Baruch Hashem, Rav Moshe Weinberger has reviewed this write-up of his drasha from Shabbos, Parshas Nitzavim-Vayelech. See here for past write-ups. Also, thousands of Rav Weinberger's shiurim are available online here. You can also go to YUTorah.org's website to hear Rav Weinberger's shiurim as mashgiach/mashpia at YU or click on one of the following links to subscribe to the shiurim: email, rss feed, podcast, or iTunes. Please note that these drashos will only be available online for one month. My son suggested (credit where it is due!) that if you notice any mistakes, please let me know so I can correct it. If you are interested in a particular drasha that is no longer online, you can email me and I'll send it to you IY"H, BL"N.
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Parshas Nitzavim-Vayelech 5774
Children of One Father
The parsha begins (Devarim 29:9, 11), “You are standing here today, all of you, before Hashem your G-d, your leaders, your tribes, your elders, your officers, every Jewish person…. that you may enter the covenant of Hashem your G-d.” The Ohr Hachaim Hakadosh explains the nature of this covenant. He posits that it is one of interpersonal responsibility. It means that every Jew has an obligation to ensure that those with whom he wields influence keep mitzvos and avoid aveiros. Guarantorship also means that Hashem will hold us to account if we abrogate this responsibility. In saying this, the Ohr Hachaim is addressing the following implied question: Why is this covenant of interpersonal responsibility “before Hashem your G-d?” Because each Jew is responsible for another, it is more logical for the covenant to be between the members of the Jewish community, and not between the Jewish people and Hashem. Why is the covenant of guarantorship a covenant between the Jewish people and G-d?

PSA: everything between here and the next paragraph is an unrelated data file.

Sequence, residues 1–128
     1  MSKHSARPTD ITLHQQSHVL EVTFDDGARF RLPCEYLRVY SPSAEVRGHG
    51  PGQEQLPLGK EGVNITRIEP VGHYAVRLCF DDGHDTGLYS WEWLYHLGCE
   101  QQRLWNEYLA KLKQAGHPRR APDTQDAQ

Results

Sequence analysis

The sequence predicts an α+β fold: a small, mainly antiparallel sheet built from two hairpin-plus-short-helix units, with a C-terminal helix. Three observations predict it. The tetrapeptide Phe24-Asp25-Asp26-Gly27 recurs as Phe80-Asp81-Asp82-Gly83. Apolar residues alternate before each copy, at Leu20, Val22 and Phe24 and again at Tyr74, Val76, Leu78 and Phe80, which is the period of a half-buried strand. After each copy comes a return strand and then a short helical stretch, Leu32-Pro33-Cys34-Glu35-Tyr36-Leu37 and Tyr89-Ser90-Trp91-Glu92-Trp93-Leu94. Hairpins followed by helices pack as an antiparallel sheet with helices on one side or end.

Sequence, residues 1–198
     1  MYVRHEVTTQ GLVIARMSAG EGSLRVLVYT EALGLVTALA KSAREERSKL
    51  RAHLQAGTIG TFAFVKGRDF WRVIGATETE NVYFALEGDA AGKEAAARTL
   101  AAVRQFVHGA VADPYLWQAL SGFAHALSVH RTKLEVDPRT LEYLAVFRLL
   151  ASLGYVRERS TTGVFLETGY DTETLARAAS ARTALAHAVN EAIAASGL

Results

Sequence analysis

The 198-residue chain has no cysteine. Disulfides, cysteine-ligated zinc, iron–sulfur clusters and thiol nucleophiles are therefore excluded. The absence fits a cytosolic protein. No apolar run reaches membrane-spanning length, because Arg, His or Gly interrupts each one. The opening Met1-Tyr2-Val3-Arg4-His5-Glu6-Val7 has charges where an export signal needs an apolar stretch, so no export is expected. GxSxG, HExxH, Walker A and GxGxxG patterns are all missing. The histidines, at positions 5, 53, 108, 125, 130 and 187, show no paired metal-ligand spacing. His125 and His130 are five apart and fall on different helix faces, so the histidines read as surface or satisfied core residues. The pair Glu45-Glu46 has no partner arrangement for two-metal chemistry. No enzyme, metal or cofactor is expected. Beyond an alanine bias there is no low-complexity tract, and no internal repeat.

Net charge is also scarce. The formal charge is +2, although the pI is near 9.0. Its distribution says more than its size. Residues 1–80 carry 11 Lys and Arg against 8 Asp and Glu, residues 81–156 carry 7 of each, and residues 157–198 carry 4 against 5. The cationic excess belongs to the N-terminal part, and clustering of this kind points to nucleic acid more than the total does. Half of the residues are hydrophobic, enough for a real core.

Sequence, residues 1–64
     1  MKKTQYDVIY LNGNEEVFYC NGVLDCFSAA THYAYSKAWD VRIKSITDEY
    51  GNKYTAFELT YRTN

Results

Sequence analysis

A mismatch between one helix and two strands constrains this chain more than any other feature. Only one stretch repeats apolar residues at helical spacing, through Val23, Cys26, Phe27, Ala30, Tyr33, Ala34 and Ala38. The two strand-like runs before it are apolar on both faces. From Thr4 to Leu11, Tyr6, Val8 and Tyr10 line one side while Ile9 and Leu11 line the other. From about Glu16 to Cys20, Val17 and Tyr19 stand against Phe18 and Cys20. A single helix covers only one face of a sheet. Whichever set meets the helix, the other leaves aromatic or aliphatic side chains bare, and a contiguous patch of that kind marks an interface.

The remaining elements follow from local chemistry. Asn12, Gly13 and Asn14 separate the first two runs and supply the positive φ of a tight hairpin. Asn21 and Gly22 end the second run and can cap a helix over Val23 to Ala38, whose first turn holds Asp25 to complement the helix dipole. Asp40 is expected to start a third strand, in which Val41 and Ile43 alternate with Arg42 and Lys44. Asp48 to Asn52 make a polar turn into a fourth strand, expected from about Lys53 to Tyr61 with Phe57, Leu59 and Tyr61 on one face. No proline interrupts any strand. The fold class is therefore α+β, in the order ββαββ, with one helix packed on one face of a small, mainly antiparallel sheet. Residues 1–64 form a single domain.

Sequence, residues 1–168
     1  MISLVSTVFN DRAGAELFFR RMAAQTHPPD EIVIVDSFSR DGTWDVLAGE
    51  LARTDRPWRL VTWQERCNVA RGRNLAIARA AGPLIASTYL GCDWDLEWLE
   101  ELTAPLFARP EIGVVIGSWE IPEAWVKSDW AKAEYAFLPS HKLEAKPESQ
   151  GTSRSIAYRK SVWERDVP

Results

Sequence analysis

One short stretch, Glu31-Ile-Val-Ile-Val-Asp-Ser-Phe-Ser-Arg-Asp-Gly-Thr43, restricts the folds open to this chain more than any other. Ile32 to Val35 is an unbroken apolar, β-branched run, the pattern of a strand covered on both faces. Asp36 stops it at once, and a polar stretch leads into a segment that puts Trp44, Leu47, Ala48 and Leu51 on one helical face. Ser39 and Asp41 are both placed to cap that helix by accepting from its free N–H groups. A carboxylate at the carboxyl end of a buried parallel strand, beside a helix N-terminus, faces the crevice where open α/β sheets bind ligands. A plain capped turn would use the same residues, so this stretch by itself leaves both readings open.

In the sefer Mesilas Yesharim, Rav Moshe Chaim Luzzatto, the Ramchal, outlines one of the highest levels of human attainment, that of a chasid, a pious individual. Although the Ramchal lived at the same time as the Baal Shem Tov, he uses the word “chasid” in the classical sense, not as it would later be used to connote a specific sect within the Jewish people with distinctive clothing and customs. He explains that the chasid is distinct from a “regular” good Jew. A good Jew avoids sins and does mitzvos. But he does so in order to accumulate reward in the world to come and because he fears punishment. His primary concern is his own spiritual wellbeing, so he does whatever he can to ensure that he and his immediate family and circle of friends are doing well, but he does not concern himself with the spiritual or physical welfare of anyone outside his sphere of personal concern.
A chasid, on the other hand, is one who is not only motivated by his own reward and punishment. He keeps the same mitzvos and avoids the same aveiros as any other righteous Jew. But he does so not with his own wellbeing in mind, but to give pleasure and pride to the Master of the World. That is primary motivation. The chasid is therefore not satisfied if he does well spiritually while others are not doing well. Because he only wants to give Hashem pleasure and satisfaction, he cannot rest while Hashem’s other children are far from who they ought to be. He knows that this causes G-d pain, so he is not indifferent to others’ spiritual state. He does whatever he can for those within his own sphere of influence to help and encourage them to draw closer to their Father in Heaven. This way, he can fulfill his true goal, to give G-d more and more satisfaction from His children.
When Reb Simcha Bunim of Peshischa, zy”a became very old, he was blind and extremely weak. During that period, he once said that if Hashem ever gave him the choice to switch places with Avraham Avinu, with all of Avraham’s merits and mitzvos, he would not trade. Why? Because in the end, G-d would still have one Avraham Avinu and one “Blinder Bunim, Blind Bunim.” While he would have had additional merits if he was Avraham, Reb Simcha Bunim’s only concern was whether such a trade would give anything new to Hashem. There would still only be one Avraham Avinu and only one “Blinder Bunim.” It would not create any net gain for Hashem.
We now understand the difference between the covenant in last week’s parsha, parshas Ki Savo, and the one in this week’s parsha. The covenant of parshas Ki Savo is one between each individual and G-d, where each person is responsible for himself. But the covenant of parshas Nitzavim is one of interpersonal responsibility. The later covenant is also one between the Jewish people and G-d because the primary reason we take responsibility for others’ physical and spiritual wellbeing is our desire to give pleasure and satisfaction to our mutual father, the King of Kings. That is why the covenant is with “all of you… every Jewish person.” Because our main concern as Jews should not be only for ourselves, but for our Father in Heaven, we must not be indifferent to the welfare of any of His children.